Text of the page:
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Amid a surge in coronavirus cases and hospitalizations across the United States, the Latinx community has been hit especially hard in places like California, where many Latinx workers fill essential jobs as farmworkers and meatpackers. "Latino and people of color basically do the scut work that keep the state going, its economy going, but get very little of the resources," says Dr. David Hayes-Bautista, director of the Center for the Study of Latino Health and Culture at the David Geffen School of Medicine at UCLA. His recent study shows Latinx Californians between the ages of 50 and 64 have died at more than five times the rate of white people of the same age.
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AMY GOODMAN: This is Democracy Now! The Quarantine Report. I'm Amy Goodman, with Juan Gonza'lez. As states like California see a surge in coronavirus cases and hospitalizations in fact, California has just surpassed New York in number of cases, though it has a quarter of the deaths of New York the Latinx community has been especially hard hit.
A new report shows Latinx Californians between the ages of 50 and 64 have died at more than five times the rate of white people of the same age. The report from UCLA, the University of California, Los Angeles, links the trend to the fact that Latinx workers make up the bulk of agricultural workers, who are high-risk essential workers.
In a Frontline PBS documentary called COVID's Hidden Toll that aired Tuesday night, farmworker Sinthia Hernandez describes how she has both cancer and diabetes, which put her at a higher risk for complications if she were to contract COVID-19, and that the contractor she works for requires her to bring her own mask.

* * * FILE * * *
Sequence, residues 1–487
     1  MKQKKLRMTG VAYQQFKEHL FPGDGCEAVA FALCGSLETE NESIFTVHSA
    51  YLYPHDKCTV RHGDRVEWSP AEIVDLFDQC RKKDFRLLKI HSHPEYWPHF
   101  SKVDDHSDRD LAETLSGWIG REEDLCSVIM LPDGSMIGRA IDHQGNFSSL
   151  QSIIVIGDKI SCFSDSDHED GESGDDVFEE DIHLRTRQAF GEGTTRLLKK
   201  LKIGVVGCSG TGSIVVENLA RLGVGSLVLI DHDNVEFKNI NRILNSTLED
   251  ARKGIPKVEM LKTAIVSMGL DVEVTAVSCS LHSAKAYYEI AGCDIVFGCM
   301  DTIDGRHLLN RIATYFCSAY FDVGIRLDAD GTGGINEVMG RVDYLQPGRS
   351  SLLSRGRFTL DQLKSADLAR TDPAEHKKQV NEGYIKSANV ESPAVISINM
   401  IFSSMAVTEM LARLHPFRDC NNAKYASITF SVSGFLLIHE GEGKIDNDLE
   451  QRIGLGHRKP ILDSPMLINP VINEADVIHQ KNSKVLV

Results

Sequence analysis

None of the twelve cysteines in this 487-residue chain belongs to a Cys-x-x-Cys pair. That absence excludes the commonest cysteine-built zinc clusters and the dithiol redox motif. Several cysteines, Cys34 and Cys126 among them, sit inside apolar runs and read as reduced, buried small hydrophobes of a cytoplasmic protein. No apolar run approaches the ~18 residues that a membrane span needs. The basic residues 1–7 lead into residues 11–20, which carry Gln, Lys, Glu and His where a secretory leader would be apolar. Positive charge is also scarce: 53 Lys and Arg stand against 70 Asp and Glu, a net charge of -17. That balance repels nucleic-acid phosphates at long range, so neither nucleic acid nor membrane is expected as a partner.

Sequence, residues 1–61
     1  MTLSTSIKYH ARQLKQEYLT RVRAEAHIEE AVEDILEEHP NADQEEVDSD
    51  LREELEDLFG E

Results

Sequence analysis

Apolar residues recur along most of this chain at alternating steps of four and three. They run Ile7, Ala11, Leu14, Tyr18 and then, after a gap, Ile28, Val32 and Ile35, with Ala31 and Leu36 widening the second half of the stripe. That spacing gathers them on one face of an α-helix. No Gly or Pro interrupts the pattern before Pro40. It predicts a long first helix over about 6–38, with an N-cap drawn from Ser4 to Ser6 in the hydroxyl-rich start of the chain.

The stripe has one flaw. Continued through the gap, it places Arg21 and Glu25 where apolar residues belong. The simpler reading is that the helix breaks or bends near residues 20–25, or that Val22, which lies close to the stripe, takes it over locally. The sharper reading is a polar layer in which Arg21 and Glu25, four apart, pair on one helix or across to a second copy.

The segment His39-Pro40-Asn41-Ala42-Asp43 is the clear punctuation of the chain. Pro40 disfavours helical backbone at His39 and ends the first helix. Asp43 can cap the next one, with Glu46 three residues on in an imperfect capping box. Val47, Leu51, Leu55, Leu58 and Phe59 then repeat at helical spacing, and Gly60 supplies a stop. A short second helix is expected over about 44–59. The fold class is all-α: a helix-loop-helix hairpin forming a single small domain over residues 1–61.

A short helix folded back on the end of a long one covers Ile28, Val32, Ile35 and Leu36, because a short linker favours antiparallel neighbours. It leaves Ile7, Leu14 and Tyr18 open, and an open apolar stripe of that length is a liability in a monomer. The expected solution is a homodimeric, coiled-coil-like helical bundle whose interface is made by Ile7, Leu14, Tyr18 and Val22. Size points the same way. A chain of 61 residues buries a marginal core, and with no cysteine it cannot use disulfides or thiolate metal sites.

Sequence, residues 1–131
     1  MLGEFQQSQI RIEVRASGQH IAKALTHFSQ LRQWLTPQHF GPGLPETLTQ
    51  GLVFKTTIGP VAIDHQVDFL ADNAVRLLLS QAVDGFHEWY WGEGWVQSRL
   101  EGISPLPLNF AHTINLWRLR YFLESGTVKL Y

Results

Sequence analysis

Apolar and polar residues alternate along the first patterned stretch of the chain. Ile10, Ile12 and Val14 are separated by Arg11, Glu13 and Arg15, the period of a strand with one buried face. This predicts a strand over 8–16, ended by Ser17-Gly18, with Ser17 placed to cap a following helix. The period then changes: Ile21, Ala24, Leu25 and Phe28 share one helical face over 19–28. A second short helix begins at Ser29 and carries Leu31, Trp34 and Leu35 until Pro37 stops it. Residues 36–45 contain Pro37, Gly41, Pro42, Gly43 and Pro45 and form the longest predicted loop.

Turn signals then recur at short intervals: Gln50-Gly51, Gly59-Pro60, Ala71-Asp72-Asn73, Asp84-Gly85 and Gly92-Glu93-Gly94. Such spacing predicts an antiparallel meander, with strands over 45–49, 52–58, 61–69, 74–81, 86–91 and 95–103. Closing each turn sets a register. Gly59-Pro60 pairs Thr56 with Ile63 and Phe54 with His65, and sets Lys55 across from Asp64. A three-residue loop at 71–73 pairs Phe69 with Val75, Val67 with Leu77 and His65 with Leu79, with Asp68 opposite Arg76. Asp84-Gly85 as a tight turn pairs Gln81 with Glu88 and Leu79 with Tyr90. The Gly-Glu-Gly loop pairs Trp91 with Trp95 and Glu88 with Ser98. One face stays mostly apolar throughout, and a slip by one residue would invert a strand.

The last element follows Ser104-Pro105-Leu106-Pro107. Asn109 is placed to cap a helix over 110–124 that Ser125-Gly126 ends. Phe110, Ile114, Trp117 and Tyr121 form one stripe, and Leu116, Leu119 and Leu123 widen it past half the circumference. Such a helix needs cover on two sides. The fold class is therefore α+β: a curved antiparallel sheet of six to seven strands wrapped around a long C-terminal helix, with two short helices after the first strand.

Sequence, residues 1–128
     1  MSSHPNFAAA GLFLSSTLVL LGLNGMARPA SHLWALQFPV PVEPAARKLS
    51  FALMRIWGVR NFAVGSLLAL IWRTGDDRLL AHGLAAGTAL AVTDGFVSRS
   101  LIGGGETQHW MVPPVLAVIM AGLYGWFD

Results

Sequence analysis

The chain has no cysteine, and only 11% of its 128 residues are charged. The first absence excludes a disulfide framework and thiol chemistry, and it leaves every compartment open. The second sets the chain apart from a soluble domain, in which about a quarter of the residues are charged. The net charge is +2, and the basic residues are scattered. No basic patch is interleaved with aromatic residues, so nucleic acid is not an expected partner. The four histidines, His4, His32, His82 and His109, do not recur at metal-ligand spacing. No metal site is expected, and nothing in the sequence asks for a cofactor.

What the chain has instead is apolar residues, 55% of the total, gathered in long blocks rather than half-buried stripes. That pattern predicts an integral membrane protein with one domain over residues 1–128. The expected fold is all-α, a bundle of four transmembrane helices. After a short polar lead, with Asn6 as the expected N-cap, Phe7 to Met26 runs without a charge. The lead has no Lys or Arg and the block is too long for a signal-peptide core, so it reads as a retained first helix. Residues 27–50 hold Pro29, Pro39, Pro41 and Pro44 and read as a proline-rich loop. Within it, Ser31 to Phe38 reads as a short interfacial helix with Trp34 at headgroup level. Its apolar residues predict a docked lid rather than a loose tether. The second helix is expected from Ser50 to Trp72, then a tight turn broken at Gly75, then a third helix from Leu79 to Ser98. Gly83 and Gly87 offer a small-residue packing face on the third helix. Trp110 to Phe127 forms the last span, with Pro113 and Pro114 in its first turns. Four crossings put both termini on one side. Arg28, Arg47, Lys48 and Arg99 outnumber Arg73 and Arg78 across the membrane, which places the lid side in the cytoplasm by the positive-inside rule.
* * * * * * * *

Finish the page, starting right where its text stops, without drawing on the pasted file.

SINTHIA HERNANDEZ: [translated] All us farmworkers are making a big sacrifice out of necessity for hunger, to be able to feed our families and to have a place to live. " Those of us who are working have so much debt and bills to pay that the money sometimes isn't even enough to buy one mask, because each mask costs $3 or $4 at the store. And it's disposable.
AMY GOODMAN: Likewise, a report from the Centers for Disease Control found 87% of workers infected on the job at meat processing plants are people of color.
Because of the surge of cases in Los Angeles, it may soon face a second stay-at-home order. This comes as a Los Angeles Apparel factory that employs mostly Latinx workers to produce face masks has been shut down after health inspectors found, quote, "flagrant violations" of infection control orders. More than 300 workers at that one factory tested positive for COVID; four died. The company is run by Dov Charney, former CEO of American Apparel, who was ousted amidst allegations of misusing funds and allowing sexual harassment. Workers said the company failed to clearly inform them when people got sick, or enforce social distancing.
For more, we're joined by Dr. David Hayes-Bautista, distinguished professor of medicine and director of the Center for the Study of Latino Health and Culture at the David Geffen School of Medicine at UCLA.
It's great to have you with this, Dr. Hayes-Bautista.
DR. DAVID HAYES-BAUTISTA: It's great to be here. Great to be here.
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